Low digitisation to stunt Kenya’s competitiveness

DP William Ruto with Treasury CS Henry Rotich and the then ICT CS Fred Matiang’i during a meeting on progress in the digitisation of government business at his office in Harambee House Annex on January 13 2015. Photo/DPPS
DP William Ruto with Treasury CS Henry Rotich and the then ICT CS Fred Matiang’i during a meeting on progress in the digitisation of government business at his office in Harambee House Annex on January 13 2015. Photo/DPPS

Kenya’s global competitiveness is likely to be affected in a decades time due to reshoring of manufacturing tasks from labour intensive region to a capital intensive region.

This means that in 10-20 years from now Kenya’s labour market will hardly survive disruption from technology and more foreign businesses will begin to exit Kenya for their host countries.

Besides, the cost of using goods manufactured by robots will be more cheaper than using human capital.

“ If we do not take advantage of digitization then with time we will not be able to compete with international markets and we will see the sector continue to decline,” Kenya Association of Manufacturers CEO Phyllis Wakiaga said.

Since 2011, performance of the manufacturing sector ahs been declining from an average of 12 per cent of Gross Domestic product to the current nine per cent. A pillar under President Kenyatta’s big four Agenda, the government intends to grow its share to the country’s GDP from 9 per cent to 15 per cent in the next five years.

A study released on Thursday by the association and the Overseas Development Institute attributes the trend to an increasingly digital future.

While the cost of human labour is approximated at Sh300 on average by Pathways for prosperity commission the operation cost of a robot in Kenya is estimated at Sh2800 per hour.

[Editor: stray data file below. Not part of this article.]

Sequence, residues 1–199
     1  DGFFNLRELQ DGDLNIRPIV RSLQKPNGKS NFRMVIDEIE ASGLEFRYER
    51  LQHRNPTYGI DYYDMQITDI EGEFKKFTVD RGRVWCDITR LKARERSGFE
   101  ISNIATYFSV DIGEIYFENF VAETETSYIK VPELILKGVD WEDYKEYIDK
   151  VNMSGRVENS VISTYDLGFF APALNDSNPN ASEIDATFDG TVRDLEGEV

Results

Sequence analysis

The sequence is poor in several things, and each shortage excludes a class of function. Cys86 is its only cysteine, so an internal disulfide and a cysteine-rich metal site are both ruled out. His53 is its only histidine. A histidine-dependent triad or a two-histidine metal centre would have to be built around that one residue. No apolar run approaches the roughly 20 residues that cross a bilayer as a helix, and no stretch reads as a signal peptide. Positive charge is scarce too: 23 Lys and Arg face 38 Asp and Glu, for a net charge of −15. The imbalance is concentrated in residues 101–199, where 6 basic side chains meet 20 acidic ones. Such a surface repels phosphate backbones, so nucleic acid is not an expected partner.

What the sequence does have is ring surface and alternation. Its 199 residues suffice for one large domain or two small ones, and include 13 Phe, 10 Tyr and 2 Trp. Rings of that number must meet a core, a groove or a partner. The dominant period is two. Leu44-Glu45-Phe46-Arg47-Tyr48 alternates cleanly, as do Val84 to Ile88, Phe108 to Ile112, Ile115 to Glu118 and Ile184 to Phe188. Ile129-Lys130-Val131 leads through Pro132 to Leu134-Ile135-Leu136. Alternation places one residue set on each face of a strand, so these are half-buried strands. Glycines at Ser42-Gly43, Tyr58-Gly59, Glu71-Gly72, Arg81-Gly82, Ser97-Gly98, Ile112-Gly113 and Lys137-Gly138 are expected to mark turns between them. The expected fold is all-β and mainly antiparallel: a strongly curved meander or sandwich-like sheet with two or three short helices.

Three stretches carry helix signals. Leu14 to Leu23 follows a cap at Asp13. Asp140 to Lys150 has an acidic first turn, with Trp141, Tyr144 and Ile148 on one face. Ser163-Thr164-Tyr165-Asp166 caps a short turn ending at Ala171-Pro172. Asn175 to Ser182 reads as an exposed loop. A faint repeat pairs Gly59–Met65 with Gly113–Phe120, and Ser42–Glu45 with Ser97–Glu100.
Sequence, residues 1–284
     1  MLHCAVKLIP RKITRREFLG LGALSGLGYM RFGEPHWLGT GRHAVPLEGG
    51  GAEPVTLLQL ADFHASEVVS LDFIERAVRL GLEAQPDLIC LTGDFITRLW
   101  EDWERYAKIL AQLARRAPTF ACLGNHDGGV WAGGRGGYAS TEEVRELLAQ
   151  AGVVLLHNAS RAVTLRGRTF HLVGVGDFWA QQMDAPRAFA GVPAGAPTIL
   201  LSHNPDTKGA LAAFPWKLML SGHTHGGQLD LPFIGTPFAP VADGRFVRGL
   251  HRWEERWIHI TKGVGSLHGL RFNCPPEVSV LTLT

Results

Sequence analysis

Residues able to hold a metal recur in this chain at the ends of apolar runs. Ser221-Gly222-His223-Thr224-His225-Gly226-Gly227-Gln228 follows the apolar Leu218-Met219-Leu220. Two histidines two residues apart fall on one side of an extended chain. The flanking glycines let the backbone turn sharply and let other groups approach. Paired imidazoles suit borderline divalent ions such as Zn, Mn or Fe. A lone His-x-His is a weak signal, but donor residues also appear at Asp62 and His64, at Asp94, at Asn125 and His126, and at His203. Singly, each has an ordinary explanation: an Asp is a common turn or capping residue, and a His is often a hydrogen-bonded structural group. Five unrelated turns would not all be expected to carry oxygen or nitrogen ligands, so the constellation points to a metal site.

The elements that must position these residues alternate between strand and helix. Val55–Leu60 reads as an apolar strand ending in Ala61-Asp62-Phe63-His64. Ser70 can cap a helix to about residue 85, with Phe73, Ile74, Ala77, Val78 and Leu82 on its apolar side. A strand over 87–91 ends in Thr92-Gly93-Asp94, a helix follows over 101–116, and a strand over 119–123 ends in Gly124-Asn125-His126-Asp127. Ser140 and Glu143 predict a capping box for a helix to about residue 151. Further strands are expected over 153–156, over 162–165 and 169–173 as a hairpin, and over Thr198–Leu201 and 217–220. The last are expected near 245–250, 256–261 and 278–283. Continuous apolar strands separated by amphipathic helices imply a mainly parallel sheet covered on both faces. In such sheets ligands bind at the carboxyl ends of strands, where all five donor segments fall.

However, analysis by the commission indicate that the tables will turn in a decades time when the cost of operating a robot will go down to Sh500 per hour while cost of human labour will increase to an estimated Sh1300 per hour.

According to KAM CEO Phyllis Wakiaga, high cost of electricity and capital, lack of available credit and relevant skills are some of the key challenges blocking digitization among Kenyan manufacturers. The study ‘How to grow manufacturing and create jobs in a digital economy:10 policy priorities for Kenya” recommends solutions on how to grow manufacturing and create jobs in a digital economy.

It reveals that currently 97 per cent of manufacturing firms in Kenya use computers and 93 per cent have internet , However only 54 per cent have a web presence and 40 per cent are engaged in e-commerce.

Further, it shows that while 99 per cent of SMEs firms have access to Internet less than 65 per cent have a web presence and less than 25 per cent are using cloud computing.

To foster competitiveness, the study calls for low interest rates spread through cutting inefficiencies and lowering collateral requirements for investment in digital products. It also recommends a cut in electricity costs to nine cents per Kilowatt hour, and the use of regional and Continental approaches to e-commerce and trade in digital products and services.

On occasions where the the developed countries lead firms do not re shore,the study shows that most of them will automate their entire value chain as a way to remain competitive.